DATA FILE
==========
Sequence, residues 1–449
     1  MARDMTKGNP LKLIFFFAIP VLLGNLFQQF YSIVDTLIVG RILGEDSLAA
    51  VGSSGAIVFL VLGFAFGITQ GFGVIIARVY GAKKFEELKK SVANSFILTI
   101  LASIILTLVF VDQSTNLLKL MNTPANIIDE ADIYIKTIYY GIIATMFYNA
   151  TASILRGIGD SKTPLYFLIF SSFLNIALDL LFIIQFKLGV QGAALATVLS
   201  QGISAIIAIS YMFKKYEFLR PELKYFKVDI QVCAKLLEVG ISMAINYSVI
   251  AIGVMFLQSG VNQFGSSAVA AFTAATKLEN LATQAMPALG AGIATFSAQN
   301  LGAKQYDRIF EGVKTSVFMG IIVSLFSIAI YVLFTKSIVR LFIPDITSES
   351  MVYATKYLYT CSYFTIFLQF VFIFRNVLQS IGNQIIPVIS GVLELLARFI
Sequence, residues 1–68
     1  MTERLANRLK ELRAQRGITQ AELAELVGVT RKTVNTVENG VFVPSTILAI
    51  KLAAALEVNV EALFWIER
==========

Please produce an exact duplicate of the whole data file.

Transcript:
Sequence, residues 1–449
     1  MARDMTKGNP LKLIFFFAIP VLLGNLFQQF YSIVDTLIVG RILGEDSLAA
    51  VGSSGAIVFL VLGFAFGITQ GFGVIIARVY GAKKFEELKK SVANSFILTI
   101  LASIILTLVF VDQSTNLLKL MNTPANIIDE ADIYIKTIYY GIIATMFYNA
   151  TASILRGIGD SKTPLYFLIF SSFLNIALDL LFIIQFKLGV QGAALATVLS
   201  QGISAIIAIS YMFKKYEFLR PELKYFKVDI QVCAKLLEVG ISMAINYSVI
   251  AIGVMFLQSG VNQFGSSAVA AFTAATKLEN LATQAMPALG AGIATFSAQN
   301  LGAKQYDRIF EGVKTSVFMG IIVSLFSIAI YVLFTKSIVR LFIPDITSES
   351  MVYATKYLYT CSYFTIFLQF VFIFRNVLQS IGNQIIPVIS GVLELLARFI
Sequence, residues 1–68
     1  MTERLANRLK ELRAQRGITQ AELAELVGVT RKTVNTVENG VFVPSTILAI
    51  KLAAALEVNV EALFWIER